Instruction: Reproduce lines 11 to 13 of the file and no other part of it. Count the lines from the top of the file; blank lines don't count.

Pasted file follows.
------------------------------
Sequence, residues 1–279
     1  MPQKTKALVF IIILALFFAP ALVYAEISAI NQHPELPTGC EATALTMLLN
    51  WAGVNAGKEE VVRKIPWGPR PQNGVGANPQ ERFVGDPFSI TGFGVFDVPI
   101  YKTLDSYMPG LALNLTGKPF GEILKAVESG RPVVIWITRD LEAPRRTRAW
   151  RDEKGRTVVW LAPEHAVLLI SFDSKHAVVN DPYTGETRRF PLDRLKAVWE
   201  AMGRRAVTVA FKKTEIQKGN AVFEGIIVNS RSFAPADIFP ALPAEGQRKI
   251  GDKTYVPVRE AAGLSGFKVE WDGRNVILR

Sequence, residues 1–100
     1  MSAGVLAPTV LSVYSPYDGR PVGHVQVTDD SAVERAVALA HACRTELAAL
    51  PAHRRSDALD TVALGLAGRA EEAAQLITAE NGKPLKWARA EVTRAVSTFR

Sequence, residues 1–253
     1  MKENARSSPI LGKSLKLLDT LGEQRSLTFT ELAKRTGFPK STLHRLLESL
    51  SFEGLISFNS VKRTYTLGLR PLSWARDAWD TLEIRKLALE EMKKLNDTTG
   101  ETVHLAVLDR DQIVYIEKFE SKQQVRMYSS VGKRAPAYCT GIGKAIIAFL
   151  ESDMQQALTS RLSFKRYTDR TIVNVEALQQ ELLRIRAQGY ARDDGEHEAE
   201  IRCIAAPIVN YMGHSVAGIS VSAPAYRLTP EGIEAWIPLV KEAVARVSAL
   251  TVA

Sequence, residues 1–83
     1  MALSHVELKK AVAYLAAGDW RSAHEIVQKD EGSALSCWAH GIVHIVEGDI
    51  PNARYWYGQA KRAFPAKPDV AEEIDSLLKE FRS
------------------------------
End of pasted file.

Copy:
Sequence, residues 1–253
     1  MKENARSSPI LGKSLKLLDT LGEQRSLTFT ELAKRTGFPK STLHRLLESL
    51  SFEGLISFNS VKRTYTLGLR PLSWARDAWD TLEIRKLALE EMKKLNDTTG